Example 5. The Terrapin Club is a private club located in Boston, Massachusetts. The club has a reading room, dining area, and lodging accommodations. The club members pay an annual membership fee, but must pay separately for any meals served in the club or for the use of any of the club's lodging accommodations. Club members pay $30.00 dollars per night for the occupancy of a room. The club limits the occupancy of its rooms to members only. Maid and linen service is provided by the club. The club also serves meals in its dining area to club members. Club members pay a listed price for each meal. A private club that provides lodging comes within the definition of a motel. M.G.L. c. 64G, § 1(c). The Terrapin Club is a motel for purposes of the room occupancy excise, and the transfer of occupancy of a room in the club to club members is subject to the room occupancy excise.

Example 6. Abel is a student at State University. During the summer months, Abel works as a crew member on the Nantucket ferry. He rents a room from Mr. Benson for the summer. Abel's room is located in the basement of Mr. Benson's home. Mr. Benson and his family occupy the upper floors of the house and are year round residents on the Cape. Mr. Benson rents the room to Abel for $75.00 per week. Mr. Benson does not provide Abel with maid and linen service or with meals. Abel pays rent only for the use of the room. Mr. Benson's home is not a motel or a lodging house for the purpose of the room occupancy excise, and the transfer of occupancy of a room in Mr. Benson's home is not subject to the room occupancy excise.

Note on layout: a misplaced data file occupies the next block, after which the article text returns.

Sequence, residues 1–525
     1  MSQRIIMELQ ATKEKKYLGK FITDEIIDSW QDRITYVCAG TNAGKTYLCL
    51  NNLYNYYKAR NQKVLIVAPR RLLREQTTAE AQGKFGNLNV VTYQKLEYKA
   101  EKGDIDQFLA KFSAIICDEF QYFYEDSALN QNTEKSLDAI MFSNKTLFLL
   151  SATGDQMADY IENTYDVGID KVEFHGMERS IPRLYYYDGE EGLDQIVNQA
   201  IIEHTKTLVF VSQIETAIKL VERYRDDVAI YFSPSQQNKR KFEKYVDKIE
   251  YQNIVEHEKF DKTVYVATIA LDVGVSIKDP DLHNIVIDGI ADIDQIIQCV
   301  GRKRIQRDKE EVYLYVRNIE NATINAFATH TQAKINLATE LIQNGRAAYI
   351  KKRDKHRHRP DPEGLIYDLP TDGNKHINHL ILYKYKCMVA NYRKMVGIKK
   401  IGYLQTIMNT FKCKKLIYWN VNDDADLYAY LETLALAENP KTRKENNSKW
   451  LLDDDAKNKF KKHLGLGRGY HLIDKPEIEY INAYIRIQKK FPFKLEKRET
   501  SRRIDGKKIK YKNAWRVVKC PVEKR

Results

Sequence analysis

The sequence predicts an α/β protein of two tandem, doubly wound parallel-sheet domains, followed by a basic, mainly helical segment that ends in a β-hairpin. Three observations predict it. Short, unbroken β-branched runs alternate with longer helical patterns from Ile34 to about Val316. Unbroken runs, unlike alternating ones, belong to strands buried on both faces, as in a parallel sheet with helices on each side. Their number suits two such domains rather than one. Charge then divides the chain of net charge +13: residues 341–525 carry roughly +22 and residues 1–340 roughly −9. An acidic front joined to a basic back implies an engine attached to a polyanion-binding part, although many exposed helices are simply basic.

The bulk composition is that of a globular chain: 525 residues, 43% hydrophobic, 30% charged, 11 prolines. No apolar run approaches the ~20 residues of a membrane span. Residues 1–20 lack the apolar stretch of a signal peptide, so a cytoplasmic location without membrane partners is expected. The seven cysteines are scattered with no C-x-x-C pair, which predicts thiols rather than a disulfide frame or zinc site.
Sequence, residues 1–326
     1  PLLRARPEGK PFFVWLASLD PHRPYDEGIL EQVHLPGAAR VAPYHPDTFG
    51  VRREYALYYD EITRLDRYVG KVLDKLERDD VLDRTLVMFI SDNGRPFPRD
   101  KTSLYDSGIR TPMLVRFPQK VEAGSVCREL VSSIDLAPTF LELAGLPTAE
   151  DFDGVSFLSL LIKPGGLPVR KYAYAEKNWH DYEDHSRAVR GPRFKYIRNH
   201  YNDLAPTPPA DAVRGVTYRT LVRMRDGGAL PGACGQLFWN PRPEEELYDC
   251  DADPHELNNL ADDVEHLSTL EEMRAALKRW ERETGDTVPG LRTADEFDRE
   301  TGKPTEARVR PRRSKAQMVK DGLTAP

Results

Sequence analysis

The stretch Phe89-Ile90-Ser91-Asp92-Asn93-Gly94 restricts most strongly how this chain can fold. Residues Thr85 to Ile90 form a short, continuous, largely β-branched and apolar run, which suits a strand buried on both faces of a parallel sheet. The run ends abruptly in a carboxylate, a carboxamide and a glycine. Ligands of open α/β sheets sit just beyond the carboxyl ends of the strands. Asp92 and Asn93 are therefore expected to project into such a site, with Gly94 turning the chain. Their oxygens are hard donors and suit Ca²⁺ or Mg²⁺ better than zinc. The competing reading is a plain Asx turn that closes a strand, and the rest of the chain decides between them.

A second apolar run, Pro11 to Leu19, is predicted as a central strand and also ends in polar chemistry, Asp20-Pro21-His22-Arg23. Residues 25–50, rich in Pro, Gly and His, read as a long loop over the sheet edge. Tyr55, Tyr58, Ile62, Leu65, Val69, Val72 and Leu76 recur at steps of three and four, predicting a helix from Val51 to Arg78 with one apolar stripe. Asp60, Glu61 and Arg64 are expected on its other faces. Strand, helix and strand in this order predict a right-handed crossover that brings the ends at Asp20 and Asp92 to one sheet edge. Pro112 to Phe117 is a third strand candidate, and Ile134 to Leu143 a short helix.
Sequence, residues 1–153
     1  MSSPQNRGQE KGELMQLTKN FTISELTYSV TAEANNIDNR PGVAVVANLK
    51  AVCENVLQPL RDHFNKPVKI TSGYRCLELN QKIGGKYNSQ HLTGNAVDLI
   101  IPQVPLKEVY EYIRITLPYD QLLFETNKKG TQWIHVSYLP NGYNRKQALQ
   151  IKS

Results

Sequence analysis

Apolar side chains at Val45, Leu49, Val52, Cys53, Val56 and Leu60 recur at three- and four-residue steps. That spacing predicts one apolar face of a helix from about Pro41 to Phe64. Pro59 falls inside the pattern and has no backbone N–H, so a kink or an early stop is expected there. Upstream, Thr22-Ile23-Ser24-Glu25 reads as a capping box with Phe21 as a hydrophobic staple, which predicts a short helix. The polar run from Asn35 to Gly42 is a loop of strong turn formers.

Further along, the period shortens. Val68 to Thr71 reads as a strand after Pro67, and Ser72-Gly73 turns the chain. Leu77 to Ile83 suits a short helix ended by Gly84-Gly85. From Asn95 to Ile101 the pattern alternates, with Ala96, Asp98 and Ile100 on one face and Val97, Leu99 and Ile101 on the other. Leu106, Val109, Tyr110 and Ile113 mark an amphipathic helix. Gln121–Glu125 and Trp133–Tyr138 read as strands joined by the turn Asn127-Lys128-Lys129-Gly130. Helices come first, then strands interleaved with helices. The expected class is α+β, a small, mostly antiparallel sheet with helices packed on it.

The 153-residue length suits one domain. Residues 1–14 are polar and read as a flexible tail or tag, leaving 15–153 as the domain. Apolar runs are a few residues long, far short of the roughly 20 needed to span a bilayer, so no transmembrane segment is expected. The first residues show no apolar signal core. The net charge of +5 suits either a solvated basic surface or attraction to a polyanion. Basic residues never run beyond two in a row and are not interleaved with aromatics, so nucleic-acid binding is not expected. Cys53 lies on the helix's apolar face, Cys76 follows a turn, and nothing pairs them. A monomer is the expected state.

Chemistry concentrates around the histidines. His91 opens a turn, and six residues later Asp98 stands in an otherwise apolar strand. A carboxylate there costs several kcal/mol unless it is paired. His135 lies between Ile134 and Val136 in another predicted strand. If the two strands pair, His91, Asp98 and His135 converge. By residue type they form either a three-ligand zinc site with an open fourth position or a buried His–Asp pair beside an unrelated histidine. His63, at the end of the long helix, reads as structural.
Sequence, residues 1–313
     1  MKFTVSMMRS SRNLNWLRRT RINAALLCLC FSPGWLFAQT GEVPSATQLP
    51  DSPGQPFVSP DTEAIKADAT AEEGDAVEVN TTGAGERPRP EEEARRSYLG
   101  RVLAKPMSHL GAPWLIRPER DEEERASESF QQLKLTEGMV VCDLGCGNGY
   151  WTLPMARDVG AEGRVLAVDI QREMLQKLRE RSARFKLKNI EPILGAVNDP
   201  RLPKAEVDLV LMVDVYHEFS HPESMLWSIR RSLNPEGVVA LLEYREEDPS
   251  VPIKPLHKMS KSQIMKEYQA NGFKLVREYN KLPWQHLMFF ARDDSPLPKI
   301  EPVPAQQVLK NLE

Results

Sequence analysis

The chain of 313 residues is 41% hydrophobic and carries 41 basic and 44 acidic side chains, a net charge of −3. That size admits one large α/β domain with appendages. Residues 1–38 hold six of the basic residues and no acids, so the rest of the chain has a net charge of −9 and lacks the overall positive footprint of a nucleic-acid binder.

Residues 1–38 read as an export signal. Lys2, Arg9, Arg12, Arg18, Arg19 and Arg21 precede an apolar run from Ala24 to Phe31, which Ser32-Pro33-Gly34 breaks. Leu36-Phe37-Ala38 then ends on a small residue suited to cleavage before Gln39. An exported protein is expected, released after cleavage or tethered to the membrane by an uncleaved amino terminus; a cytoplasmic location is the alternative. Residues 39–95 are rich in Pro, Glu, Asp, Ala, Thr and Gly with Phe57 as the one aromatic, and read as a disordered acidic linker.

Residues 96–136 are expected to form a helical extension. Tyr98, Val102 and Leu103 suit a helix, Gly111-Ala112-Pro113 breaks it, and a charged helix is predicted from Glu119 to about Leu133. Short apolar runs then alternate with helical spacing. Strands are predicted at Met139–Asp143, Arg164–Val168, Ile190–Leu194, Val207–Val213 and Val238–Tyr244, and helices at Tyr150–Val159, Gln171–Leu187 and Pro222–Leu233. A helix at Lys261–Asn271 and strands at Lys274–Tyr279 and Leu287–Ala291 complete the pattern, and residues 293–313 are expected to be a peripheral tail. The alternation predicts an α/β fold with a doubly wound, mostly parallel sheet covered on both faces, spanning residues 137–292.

Example 7. Mr. Straw operates the Franklin Towers, which for many years was operated as a hotel in downtown Boston. Franklin Towers is operated under a rooming house license from the City of Boston. There are fifty rooms in Franklin Towers that are rented for $15.00 per day to persons not related to Mr. Straw. Each room contains a bed, a gas plate for cooking meals, and a refrigerator. One common bathroom is located on each floor of Franklin Towers. Franklin Towers is the permanent residence of a majority of the occupants. The remainder of the occupants use it as a temporary residence, staying in Franklin Towers up to six months on the average. The occupants rent the rooms under an agreement which gives them the use of a particular room. They are not tenants of Franklin Towers. Maid and linen service is provided at an extra charge of $5 per week; however, most of the residents do not use this service. Franklin Towers is a lodging house for purposes of the room occupancy excise. For the first ninety consecutive days, the transfer of occupancy of any room is subject to the room occupancy excise. Occupancy after the first ninety consecutive days is not subject to the excise.

(6) Determination Whether An Establishment Is A Hotel, A Lodging House, Or A Motel. Ordinarily, the Commissioner will not issue letter rulings to determine whether or not a particular establishment is a hotel, a lodging house, or a motel as defined in 830 CMR 64G.1.1(2). The Determination Bureau of the Department of Revenue will determine whether or not a particular establishment is a hotel, a lodging house, or a motel for the purpose of the room occupancy excise.

REGULATORY HISTORY
Date of Promulgation: 5/27/88